Evensong at St. Paul’s Cathedral 

I can’t remember what it was – but one day I was reading something somewhere and a voice in my brain shouted at me 

“St. Paul’s Cathedral! At Christmas-time!” 

I made note of it but then got distracted until I got a Vox from Adri the next day saying 

“St. Paul’s Cathedral! At Christmas-time!” 

Unfortunately I was too late to get tickets to any of the really amazing Christmas services. (For example, the Cathedral choir singing the Hallelujah Chorus.  Can you imagine?! NEXT YEAR.)  But I did remember multiple people telling me that Evensong was always open to the public.  So I chose a day and stressed over the logistics because the kids don’t get out of school until 3:50, Evensong begins at 5:00, and it’s easily a 45 minute trip from their school to the cathedral.  Plus- four kids, by myself, at a choir service in a sound sensitive Cathedral?

I put a little something for each of them in my bag, something to wear with their school uniform to dress it up a little bit, and made them change in their school bathroom.  Then I begged the receptionist to let me leave all their backpacks in the school office overnight and off we went.  They were pretty good about walking quickly to the DLR station, and on the train we talked about cathedrals, and how their beauty and majesty is purposefully designed as a way to express worship and respect for Deity.  I told them that Christmas was a really fun time, and there would be and have been a lot of really fun things, but this was about Jesus Christ and reverence.  They listened remarkably well, and even seemed to absorb what I was saying.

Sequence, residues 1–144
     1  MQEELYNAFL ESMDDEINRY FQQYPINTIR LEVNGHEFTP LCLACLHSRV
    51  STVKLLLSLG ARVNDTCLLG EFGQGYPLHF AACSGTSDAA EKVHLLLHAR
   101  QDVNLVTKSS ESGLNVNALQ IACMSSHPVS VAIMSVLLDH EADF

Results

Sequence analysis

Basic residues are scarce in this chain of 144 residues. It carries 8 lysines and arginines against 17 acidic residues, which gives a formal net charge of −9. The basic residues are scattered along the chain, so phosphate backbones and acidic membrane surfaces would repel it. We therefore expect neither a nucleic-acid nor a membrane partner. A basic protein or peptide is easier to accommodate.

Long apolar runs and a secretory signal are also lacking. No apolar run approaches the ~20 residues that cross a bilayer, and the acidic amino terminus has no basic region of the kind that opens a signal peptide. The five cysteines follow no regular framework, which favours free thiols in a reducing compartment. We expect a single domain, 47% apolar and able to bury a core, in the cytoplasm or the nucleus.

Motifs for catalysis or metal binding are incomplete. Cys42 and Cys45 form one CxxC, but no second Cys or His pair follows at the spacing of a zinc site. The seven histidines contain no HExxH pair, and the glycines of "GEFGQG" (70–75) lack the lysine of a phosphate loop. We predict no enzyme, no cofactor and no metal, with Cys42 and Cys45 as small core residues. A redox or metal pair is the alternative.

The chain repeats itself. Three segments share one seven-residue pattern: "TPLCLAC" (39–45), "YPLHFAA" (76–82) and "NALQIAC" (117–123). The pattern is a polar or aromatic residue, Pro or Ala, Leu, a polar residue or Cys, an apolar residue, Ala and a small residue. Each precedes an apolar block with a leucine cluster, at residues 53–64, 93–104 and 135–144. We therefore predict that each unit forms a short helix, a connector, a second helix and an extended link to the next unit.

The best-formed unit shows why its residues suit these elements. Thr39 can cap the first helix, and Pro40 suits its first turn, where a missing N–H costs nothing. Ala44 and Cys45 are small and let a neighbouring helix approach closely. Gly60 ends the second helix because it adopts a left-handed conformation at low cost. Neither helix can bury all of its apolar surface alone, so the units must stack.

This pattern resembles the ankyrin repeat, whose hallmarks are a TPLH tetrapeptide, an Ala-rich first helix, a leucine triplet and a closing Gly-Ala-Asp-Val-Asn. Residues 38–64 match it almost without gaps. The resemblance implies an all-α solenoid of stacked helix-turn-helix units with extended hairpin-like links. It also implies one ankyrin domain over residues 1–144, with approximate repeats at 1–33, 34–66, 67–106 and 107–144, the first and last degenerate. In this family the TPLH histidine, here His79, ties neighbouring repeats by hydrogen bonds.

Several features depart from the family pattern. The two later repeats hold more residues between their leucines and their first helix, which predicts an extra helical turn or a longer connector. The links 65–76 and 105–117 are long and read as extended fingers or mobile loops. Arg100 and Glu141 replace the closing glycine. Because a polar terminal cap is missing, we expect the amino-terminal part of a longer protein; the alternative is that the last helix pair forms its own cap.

We got to the Cathedral in time, and found some seats.  The kids all did really well for the most part.  I had to keep Simon entertained by asking him to find paintings, statues and stain-glass images of Jesus throughout the cathedral.  And Miriam fell asleep with her head in my lap by the end of the service.  (The choir voices were really soothing and lovely, and Psalms are just the kind of lullaby that might make one doze off.)

St. Paul’s Cathedral is so beautiful.  Notre Dame was beautiful too, but in a different way.  I’m not an expert in historical architecture, but I think that the Gothic style is lovely, but more dark and broody.  Baroque style is open, full of light and majesty and so brilliant and bright.  The inside of St. Paul’s is really just magnificent.  I think the kids and I were all content to just look around us, with the angelic voices singing along in the background.  

When the service was finished we went outside for a few photos but it was really cold and we were all really hungry.  I was so grateful that the kids had behaved so well that I took them to dinner at Pizza Express and they devoured their food.  (My kids have become lovers of Italian style pizza, with the really thin crust.  And I think they feel fancy when they ask for “Margherita” – which is just plain mozzarella and tomato based sauce.)  

Then we went walking in search of some Paddington bears, but didn’t have much luck as many places were closed already.  But we did see some new places that I would love to go back to during daylight.  (The Museum of London, the Guildhall, and the St. Paul’s churchyard.) 


The one Paddington we did see- Bear in the Wood – right outside the cathedral.


I love this picture of Eli and Simon making faces at their reflection in the train window.

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